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Governing the Colony

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First Legislative Council
The first Legislative Council 1832 Courtesy Battye Library 409B.

Captain James Stirling was appointed Lieutenant Governor and became the most powerful man in the colony. This was because he had sole authority to draft laws and decide day-to-day affairs. In 1832, he appointed a Legislative Council of four government officials to assist him, and in 1839, four leading colonists were added.

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The first Legislative Council met on 7 February, 1832, and passed a Bill presented by Governor Stirling.

Later more colonists were appointed to the Legislative Council and it developed a more independent voice. In time, some of these members were elected.

By 1859, all other Australian colonies had their own parliaments. Colonists in Western Australia began demanding the right to govern themselves. The British Government was against the move to establish a parliament in Western Australia because of its slow rate of growth and the presence of convicts. In 1865 and again in 1869, the citizens of the colony petitioned to ask that they elect representatives to some of the positions on the Legislative Council.

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Initially, the British Government wanted to split Western Australia into two colonies along the 26th parallel near Shark Bay because it was reluctant to give control of such a large colony to a relatively sparsely populated colony.

In 1870, the colonists won the right to elect some members to the Legislative Council. However, the Governor could still veto the Council's decisions and some colonists remained dissatisfied. Colonists continued to argue for self-government and by the 1880s, the call for political change was so strong that it could not be denied.

First Legislative Council
Proclamation Train Journey to Perth 1890. The Governor Sir William Robinson and other colonial dignitaries outside the train carrying him to Perth to proclaim the Constitution. Courtesy Batty Library BA 888/3

In 1887, the Legislative Council voted in favour of a change to self-government. A new constitution was drafted by Governor Broome and sent to London for approval. In 1890, the Constitution Bill was passed by the House of Commons and assented to by Queen Victoria. With the granting of the Queen's Assent, Western Australia's Constitution came into legal existence.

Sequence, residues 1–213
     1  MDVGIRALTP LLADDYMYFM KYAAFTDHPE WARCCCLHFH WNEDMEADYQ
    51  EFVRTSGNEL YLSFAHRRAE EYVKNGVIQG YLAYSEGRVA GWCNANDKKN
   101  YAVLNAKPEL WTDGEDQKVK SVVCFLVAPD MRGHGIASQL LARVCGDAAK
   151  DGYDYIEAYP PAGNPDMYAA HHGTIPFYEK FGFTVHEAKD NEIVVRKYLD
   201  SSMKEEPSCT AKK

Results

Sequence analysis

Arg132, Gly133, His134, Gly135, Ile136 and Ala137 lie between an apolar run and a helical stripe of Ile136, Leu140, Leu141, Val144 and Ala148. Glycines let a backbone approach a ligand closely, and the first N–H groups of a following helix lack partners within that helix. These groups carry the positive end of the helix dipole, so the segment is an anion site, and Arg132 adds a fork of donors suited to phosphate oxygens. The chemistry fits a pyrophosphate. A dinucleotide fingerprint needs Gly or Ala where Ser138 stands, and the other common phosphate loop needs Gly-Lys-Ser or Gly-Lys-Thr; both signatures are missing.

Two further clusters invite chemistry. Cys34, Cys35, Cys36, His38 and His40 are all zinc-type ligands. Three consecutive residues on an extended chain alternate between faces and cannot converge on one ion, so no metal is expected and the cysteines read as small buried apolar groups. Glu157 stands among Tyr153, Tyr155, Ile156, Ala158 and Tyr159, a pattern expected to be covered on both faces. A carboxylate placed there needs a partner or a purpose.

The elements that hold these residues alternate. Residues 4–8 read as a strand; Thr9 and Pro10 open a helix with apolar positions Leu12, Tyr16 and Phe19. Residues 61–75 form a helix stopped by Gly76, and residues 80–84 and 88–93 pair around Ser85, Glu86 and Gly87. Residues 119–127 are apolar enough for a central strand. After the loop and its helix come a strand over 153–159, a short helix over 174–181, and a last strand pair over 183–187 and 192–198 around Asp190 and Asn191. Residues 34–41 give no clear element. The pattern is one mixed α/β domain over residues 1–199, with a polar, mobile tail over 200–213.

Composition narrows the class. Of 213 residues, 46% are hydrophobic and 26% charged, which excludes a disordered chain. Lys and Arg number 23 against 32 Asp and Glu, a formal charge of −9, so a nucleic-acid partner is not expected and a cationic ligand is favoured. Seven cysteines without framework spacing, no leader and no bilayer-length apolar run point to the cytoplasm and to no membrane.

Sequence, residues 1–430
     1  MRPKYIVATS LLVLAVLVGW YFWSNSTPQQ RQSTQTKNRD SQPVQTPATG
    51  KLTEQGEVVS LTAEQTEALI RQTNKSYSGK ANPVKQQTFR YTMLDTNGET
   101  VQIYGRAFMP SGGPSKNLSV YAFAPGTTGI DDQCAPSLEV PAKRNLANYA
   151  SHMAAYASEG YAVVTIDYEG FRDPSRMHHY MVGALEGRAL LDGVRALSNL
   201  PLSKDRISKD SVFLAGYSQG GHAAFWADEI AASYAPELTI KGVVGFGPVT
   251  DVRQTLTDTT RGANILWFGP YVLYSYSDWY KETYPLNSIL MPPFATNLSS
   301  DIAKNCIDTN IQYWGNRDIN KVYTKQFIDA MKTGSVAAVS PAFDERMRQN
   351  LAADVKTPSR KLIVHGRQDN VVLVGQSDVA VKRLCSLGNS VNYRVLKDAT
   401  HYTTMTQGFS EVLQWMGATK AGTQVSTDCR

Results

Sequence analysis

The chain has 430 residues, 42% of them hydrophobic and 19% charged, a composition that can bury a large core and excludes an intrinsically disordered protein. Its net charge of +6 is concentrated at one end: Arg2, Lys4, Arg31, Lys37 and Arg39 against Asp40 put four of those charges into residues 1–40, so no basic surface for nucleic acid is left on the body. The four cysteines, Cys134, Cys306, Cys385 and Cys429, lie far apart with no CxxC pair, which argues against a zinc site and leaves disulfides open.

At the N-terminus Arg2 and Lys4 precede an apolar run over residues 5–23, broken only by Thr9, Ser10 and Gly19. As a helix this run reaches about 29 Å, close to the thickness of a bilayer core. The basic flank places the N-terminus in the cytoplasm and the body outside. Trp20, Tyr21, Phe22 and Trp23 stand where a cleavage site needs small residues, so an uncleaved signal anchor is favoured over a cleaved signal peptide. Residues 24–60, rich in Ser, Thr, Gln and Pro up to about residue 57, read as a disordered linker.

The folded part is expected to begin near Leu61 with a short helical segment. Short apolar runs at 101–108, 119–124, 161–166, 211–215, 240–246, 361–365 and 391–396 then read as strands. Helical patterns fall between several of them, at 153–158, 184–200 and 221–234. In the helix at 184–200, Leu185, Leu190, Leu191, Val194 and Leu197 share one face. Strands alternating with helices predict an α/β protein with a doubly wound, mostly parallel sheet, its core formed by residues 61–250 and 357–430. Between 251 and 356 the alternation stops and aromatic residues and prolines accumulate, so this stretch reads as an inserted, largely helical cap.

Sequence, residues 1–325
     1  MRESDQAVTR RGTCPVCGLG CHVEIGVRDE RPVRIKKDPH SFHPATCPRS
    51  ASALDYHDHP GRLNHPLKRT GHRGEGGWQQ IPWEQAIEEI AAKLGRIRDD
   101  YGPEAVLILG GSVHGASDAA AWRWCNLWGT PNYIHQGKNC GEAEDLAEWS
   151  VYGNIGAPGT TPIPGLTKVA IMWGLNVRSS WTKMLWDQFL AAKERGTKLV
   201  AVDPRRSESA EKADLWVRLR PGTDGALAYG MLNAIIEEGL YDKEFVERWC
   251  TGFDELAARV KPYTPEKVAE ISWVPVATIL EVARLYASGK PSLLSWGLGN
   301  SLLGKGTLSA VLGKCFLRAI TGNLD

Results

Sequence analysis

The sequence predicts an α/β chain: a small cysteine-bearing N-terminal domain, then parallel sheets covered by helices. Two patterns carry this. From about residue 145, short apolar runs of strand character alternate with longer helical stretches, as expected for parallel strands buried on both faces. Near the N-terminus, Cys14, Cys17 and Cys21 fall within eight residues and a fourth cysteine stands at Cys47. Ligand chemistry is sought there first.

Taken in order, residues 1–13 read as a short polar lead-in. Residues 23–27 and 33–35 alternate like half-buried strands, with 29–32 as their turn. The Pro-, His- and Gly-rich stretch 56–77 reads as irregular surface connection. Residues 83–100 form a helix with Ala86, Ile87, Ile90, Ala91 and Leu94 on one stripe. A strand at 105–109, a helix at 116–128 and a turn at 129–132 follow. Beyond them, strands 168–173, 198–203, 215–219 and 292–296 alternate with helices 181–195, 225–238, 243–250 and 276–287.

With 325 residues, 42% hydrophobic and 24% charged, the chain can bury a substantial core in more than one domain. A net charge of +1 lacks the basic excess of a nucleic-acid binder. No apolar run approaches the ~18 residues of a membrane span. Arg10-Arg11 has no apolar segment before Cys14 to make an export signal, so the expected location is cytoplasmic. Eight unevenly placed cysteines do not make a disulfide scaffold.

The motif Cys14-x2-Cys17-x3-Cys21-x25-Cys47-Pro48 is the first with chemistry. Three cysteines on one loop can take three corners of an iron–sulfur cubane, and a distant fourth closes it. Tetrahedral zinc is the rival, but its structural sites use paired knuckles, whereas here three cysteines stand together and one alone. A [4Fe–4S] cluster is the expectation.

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At the time of the Proclamation of the Constitution the casual daily wage for a skilled labourer was about 7 shillings.

Proclamation of the new Constitution by the new Governor, Sir William Robinson, took place at the Esplanade on 21 October 1890. He travelled by train from Albany to Perth, and along the way towns lit bonfires to celebrate his arrival.

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In 1850, NSW and Victoria became the first Australian colonies to issue postage stamps, followed by Tasmania in 1853. WA came next in 1854 followed by South Australia in 1855 and Queensland in 1860. However, while all the colonies kept the Queen motif on their stamps, WA's then Governor Fitzgerald proposed to the Colonial Office in June 1853 that we should have a stamp bearing a black Swan upon a coloured ground...

The proposal to ignore the colonial relationship with the Crown and to celebrate instead a local independence by having the design feature the swan was radical. The proceedings of the Legislative Council simply record decisions and give little detail of any discussion. It was surprising though that the Colonial Office in London did not object and substitute the Queen.

Proclamation Day marked the occasion when the new Constitution was publicly announced, granting the colony of Western Australia responsible government.

On 22 December 1890, Governor Robinson sent for the Surveyor-General, John Forrest, and asked him to be the first Premier of Western Australia. The new Constitution provided for a Cabinet of five and those Forrest invited to join him were Septimus Burt, George Shenton, W E Marmion and H W Venn, all of whom had served in the old Legislative Council.

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In 1890, at John Forrest's suggestion, 550 acres was added to the reserve overlooking Perth. On his 50th birthday in 1897 Forrest opened the new road through Perth Park, and in 1901, at his request as chairman of the Park Board, the Duke of York named the reserve Kings Park
First Legislative Council
Celebrations for first Proclamation Day on the Esplanade at Perth. Courtesy of Battye Library 2862B/2.

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